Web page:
Page:Popular Science Monthly Volume 12.djvu/79

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MAN AND THE GLACIAL PERIOD.

A little above Hoxne, on the left side of the stream called the Gold Brook, is the Hoxne clay-pit. The clay is excavated along the slope of the shallow valley through which the brook runs. The road to Eye skirts the hill-side, having to the west the park of Sir Edward Kerrison; and to the east, between it and the stream, a narrow strip

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Fig. 3.—Theoretical Section according to Prof.Preswich: 2. Surface gravels. 3. Brick, earth, and gravel, with flint implements, mammalian remains, and land and fresh-water shells. 3. Peaty bed,with wood and land and fresh-water shells. 4. Bowlder-clay. 5. Sands and gravels. 6. Chalk, probably.
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Fig 4.—Section showing the Actual Facts observed: 1. Surface gravels, "trail." 2. Clay resembling "upper bowlder-clay." 3. False-bedded sands and gravel flint. 3. Brick earth, flint implements scarce, land and fresh-water shells in lower part. 5. Gravel, many flint implements found by Mr. Frere. 6'. Lower bowlder-clay and "till." 7. Peaty bed.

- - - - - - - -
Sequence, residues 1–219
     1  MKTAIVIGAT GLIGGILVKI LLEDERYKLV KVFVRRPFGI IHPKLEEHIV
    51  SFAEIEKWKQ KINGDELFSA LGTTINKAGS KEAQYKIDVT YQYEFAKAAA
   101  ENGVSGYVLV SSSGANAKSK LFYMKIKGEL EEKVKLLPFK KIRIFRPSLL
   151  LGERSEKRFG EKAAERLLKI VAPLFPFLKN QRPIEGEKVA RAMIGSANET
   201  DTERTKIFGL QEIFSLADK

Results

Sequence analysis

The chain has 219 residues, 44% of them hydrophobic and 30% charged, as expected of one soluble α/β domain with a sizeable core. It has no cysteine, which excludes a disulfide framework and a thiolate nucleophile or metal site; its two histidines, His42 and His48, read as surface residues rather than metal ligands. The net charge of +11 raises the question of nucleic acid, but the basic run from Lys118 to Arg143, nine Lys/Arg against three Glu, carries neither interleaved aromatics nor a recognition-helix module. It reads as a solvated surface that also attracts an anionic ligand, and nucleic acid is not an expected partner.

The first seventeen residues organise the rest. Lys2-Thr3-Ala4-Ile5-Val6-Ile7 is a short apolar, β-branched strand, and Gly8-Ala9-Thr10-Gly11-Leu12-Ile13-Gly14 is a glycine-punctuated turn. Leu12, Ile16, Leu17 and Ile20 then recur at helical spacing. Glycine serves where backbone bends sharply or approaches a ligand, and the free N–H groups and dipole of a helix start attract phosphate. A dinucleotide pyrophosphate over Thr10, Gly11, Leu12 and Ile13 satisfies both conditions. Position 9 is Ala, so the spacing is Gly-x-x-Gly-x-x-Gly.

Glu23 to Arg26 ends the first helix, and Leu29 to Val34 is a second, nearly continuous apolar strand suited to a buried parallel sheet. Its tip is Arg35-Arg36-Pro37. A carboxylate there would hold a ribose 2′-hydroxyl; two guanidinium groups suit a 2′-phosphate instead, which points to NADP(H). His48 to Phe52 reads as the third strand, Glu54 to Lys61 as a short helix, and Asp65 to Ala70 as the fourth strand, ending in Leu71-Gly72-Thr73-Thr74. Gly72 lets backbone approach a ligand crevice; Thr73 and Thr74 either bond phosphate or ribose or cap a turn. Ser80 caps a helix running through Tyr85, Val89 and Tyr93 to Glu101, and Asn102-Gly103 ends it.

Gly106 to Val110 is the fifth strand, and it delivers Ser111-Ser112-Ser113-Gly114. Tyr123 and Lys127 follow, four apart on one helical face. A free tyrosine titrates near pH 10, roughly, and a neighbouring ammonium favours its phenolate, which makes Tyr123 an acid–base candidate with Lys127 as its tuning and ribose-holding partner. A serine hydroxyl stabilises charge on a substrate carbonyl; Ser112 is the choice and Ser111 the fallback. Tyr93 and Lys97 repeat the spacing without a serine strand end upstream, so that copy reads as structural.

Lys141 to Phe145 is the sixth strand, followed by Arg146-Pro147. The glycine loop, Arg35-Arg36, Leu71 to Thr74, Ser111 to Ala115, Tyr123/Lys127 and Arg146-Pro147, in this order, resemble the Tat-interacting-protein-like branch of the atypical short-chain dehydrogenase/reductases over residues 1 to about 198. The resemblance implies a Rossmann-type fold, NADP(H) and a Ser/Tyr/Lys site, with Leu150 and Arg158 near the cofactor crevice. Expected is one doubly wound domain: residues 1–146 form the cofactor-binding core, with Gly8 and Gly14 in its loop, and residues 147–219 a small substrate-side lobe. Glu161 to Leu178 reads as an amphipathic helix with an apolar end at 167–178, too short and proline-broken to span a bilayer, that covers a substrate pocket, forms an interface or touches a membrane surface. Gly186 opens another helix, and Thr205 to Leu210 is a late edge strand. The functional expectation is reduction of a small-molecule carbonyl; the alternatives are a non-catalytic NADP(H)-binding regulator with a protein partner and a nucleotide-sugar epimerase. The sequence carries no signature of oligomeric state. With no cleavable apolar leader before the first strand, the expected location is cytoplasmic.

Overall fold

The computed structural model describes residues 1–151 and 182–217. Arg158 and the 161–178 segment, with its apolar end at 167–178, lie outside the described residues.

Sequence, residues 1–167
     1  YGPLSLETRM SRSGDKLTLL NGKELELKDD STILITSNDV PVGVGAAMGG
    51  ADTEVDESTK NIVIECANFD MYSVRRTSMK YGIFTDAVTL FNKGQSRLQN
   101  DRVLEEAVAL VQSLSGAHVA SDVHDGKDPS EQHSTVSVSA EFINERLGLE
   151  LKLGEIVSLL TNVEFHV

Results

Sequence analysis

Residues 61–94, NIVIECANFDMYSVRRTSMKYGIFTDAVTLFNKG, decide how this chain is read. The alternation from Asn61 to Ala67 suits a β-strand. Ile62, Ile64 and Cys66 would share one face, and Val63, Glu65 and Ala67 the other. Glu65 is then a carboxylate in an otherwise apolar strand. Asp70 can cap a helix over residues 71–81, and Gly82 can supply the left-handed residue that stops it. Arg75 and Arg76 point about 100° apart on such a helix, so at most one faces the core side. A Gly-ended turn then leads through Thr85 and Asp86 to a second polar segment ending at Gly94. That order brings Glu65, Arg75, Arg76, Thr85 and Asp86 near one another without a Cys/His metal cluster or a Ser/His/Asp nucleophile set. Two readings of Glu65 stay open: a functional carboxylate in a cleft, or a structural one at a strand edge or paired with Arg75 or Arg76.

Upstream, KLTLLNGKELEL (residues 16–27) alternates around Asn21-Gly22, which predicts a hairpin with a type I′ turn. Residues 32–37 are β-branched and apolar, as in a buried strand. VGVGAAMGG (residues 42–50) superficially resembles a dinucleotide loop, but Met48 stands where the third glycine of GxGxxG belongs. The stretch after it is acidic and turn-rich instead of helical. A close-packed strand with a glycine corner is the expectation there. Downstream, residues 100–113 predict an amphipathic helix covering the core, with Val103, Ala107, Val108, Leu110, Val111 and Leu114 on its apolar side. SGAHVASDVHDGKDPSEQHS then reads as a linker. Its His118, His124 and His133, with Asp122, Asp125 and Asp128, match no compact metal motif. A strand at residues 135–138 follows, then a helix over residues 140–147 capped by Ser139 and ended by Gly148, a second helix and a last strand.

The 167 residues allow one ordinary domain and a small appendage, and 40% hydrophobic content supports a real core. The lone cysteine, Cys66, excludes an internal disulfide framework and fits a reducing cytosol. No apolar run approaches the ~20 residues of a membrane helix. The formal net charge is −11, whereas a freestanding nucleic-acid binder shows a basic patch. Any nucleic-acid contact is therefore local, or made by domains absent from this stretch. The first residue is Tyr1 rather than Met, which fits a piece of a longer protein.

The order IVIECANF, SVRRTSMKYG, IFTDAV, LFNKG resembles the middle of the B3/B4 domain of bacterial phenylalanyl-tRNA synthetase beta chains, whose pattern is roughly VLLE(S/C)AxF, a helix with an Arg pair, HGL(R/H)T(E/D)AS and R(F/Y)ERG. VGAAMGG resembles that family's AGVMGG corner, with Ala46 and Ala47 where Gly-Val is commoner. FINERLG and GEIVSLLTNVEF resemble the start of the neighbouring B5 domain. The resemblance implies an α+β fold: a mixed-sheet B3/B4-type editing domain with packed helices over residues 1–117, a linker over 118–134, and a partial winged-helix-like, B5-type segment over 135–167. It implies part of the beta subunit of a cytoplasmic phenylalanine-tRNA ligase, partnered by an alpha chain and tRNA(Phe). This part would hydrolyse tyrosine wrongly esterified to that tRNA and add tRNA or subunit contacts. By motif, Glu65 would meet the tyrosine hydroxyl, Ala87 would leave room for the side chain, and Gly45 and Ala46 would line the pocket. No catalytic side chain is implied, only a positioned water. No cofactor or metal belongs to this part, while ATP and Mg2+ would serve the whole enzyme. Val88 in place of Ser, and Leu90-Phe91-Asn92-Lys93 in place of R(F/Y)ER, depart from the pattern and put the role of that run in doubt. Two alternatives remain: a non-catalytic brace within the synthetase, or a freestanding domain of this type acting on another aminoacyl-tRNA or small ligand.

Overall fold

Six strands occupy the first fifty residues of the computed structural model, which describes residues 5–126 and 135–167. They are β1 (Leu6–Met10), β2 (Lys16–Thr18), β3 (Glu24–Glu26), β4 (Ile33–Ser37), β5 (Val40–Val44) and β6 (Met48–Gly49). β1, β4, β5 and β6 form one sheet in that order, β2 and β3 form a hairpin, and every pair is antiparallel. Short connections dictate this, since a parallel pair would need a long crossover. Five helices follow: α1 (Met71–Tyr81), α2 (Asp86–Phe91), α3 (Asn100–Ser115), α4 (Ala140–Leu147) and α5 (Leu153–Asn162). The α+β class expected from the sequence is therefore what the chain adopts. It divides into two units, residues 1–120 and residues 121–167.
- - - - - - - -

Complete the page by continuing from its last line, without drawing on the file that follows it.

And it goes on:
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Fig 5.—Theoretical Section by the Author: 1. Trail. 2. Upper bowlder-clay. 3. Middle glacial sands and gravel. 4. Brick-earth, "glacial." 5. Chalk gravel. 6'. Lower bowlder-clay. 6. "Till." 7. Preglacial peaty clay. 8. Chalk, probably.
 

of land from which the clay has been dug. The old workers had commenced near the village of Hoxne, and as they gradually exhausted the clay up to the road they moved farther southward, and the point at which it is now excavated is probably at least a quarter of a